Five Tips for Writing Your Will

Living Will document with pen, closeup

If you have money or property that you wish to leave your spouse, children, or friends after you die, a will should be written. Without a will, your wishes may not be met or known if you’ve never discussed them with anyone else. Here are five tips to use when writing a will to protect your estate.

Who Should Have a Will?

Anyone who owns property, has money in investments or savings, or has children should have a will. You don’t need to be wealthy to have a will: you just need to have possessions that you want to leave certain people or plans to designate a guardian to make legal decisions to care for minor children should you pass. While the spouse will usually get the estate and custody of minor children, if something should happen to you both or you’re divorced, then having a will can help make sure that your wishes are followed.

Carefully Choose Will Writer

While you can hire a solicitor to draw up your will, it doesn’t guarantee that the will is going to be done well. Although you can purchase a do-it-yourself will kit, it can be easy to make mistakes by doing it on your own. A professional will writer in Hampshire can help you draft a solid will which will ensure that your wishes are obeyed after your death.

Appoint Executors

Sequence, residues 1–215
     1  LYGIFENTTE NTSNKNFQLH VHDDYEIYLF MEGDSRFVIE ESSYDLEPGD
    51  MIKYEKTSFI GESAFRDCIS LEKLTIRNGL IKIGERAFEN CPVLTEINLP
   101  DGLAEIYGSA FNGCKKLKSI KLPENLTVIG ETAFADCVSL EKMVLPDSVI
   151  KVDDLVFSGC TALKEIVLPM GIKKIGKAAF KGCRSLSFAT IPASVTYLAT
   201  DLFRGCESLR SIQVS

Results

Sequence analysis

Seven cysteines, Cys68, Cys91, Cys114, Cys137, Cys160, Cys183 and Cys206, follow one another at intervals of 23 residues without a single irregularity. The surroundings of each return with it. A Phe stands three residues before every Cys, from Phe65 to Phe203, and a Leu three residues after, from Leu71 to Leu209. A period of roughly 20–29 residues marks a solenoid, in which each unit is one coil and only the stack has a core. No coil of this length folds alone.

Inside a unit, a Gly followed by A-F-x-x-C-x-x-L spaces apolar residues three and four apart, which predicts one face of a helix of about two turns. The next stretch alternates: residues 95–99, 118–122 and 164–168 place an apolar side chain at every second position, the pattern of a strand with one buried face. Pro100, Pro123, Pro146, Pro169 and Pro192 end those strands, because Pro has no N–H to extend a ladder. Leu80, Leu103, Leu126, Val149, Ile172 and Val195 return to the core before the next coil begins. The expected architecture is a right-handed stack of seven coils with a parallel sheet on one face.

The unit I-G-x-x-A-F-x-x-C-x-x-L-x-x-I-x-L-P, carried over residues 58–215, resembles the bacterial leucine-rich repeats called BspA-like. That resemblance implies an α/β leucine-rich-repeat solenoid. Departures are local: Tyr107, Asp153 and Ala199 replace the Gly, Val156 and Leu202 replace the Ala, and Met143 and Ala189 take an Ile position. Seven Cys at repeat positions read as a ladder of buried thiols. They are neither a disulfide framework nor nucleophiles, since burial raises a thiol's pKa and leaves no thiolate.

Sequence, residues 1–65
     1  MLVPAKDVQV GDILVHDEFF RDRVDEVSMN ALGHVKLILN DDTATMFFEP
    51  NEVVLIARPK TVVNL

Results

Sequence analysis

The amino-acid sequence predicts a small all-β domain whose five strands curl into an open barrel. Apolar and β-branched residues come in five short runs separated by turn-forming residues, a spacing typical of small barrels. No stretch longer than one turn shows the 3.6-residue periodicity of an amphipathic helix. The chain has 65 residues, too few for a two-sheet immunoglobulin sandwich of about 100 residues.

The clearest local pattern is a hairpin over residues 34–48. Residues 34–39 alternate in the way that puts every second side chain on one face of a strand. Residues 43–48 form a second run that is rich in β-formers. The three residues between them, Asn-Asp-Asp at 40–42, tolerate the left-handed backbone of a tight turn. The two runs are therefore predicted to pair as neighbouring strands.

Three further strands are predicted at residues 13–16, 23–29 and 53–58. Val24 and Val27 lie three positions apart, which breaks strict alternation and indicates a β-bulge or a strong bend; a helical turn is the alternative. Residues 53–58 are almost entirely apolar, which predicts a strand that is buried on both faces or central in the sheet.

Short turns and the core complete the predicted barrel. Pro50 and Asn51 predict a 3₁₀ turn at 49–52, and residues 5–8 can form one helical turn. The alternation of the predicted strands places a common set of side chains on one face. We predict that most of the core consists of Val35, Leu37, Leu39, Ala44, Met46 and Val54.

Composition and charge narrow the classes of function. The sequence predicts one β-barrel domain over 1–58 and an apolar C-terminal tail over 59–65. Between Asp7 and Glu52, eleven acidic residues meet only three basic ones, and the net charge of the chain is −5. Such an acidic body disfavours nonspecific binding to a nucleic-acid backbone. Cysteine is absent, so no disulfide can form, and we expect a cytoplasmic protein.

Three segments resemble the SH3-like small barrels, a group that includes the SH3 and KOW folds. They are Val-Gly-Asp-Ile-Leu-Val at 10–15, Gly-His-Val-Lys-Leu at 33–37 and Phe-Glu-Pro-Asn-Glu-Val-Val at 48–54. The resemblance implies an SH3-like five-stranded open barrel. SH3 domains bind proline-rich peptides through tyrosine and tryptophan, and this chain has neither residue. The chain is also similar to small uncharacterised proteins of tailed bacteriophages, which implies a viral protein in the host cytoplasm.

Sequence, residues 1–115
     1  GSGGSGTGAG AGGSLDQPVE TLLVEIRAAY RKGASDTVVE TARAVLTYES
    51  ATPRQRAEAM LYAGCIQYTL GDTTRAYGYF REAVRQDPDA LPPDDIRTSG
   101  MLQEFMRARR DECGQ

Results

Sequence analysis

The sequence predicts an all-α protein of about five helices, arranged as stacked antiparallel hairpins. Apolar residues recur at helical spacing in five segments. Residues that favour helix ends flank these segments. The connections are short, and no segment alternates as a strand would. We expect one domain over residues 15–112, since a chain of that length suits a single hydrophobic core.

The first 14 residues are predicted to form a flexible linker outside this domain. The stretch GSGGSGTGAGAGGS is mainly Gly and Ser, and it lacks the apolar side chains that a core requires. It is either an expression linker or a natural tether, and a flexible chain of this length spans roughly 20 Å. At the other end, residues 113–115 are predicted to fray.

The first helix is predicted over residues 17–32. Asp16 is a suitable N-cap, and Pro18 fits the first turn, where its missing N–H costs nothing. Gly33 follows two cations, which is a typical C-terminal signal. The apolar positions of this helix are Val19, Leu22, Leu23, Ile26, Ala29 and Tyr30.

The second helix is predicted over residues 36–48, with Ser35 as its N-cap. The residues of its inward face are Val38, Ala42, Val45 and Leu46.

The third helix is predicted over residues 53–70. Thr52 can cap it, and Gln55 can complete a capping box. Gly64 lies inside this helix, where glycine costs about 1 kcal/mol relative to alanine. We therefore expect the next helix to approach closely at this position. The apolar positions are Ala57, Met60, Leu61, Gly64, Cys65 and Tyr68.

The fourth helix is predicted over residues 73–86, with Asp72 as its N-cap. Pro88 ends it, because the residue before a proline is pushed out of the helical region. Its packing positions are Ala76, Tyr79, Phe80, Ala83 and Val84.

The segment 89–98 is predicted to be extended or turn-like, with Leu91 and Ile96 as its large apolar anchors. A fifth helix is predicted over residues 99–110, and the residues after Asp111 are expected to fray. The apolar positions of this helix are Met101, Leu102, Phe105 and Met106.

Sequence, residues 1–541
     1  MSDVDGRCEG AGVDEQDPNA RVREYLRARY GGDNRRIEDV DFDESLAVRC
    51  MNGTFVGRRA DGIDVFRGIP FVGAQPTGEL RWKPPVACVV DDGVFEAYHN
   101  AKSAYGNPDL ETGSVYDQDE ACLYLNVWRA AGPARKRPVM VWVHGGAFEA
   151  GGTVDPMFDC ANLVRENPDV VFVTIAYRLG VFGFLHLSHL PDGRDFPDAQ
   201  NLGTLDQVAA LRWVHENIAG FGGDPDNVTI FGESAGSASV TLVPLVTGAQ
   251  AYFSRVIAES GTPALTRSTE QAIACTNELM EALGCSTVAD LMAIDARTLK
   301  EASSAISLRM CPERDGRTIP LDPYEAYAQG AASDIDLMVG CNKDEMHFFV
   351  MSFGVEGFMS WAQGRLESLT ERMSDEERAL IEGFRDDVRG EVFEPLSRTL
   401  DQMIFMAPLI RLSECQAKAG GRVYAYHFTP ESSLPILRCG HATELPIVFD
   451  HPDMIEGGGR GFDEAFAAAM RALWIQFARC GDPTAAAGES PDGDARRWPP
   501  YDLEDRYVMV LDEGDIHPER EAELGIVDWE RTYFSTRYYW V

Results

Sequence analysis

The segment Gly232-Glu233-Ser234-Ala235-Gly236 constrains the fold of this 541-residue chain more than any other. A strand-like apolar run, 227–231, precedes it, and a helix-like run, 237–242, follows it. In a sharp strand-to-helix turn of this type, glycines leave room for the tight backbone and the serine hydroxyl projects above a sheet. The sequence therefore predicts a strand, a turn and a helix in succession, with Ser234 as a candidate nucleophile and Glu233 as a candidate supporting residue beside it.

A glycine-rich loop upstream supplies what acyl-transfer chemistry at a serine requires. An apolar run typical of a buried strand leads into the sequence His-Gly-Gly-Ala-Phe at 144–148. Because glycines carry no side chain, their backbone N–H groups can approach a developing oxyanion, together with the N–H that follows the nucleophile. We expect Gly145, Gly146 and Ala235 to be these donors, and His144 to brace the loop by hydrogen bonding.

You will need to select someone to be your primary executor and a substitute executor if something happens to the primary one. Often, a spouse will be chosen as the primary executor, but if he or she dies with you, then someone else will need to handle those duties. Talk to the people you trust in your life about assuming the duties of an executor, which requires a commitment to making sure that your wishes are fulfilled as you want.

Pick Guardians for Children

If you have minor children, then you will need to appoint a guardian if you are their sole parent or in case you and your spouse are killed at the same time. The guardian should be someone you’ve talked to about taking care of your children in case you do pass away. While most people pick grandparents, siblings, or other family members, friends can also be appointed as guardians if you want them to raise your minor children.

Make Legacies

If you have possessions such as family heirlooms or a stamp collection that you want to leave to certain people, your will should contain legacies. There are several types of legacies, but when you want to leave a specific object to a friend or relative, then a “specific legacy” should be written leaving the object to the person whom you wish to give it to. The executor will make sure that your wishes are carried out and the object goes to the designated person.

The more assets that you have to be distributed after your death, the more complicated the drafting of your will could be. You need to hire a professional will writer or solicitor to ensure that your will is correctly drafted and then administered per your wishes.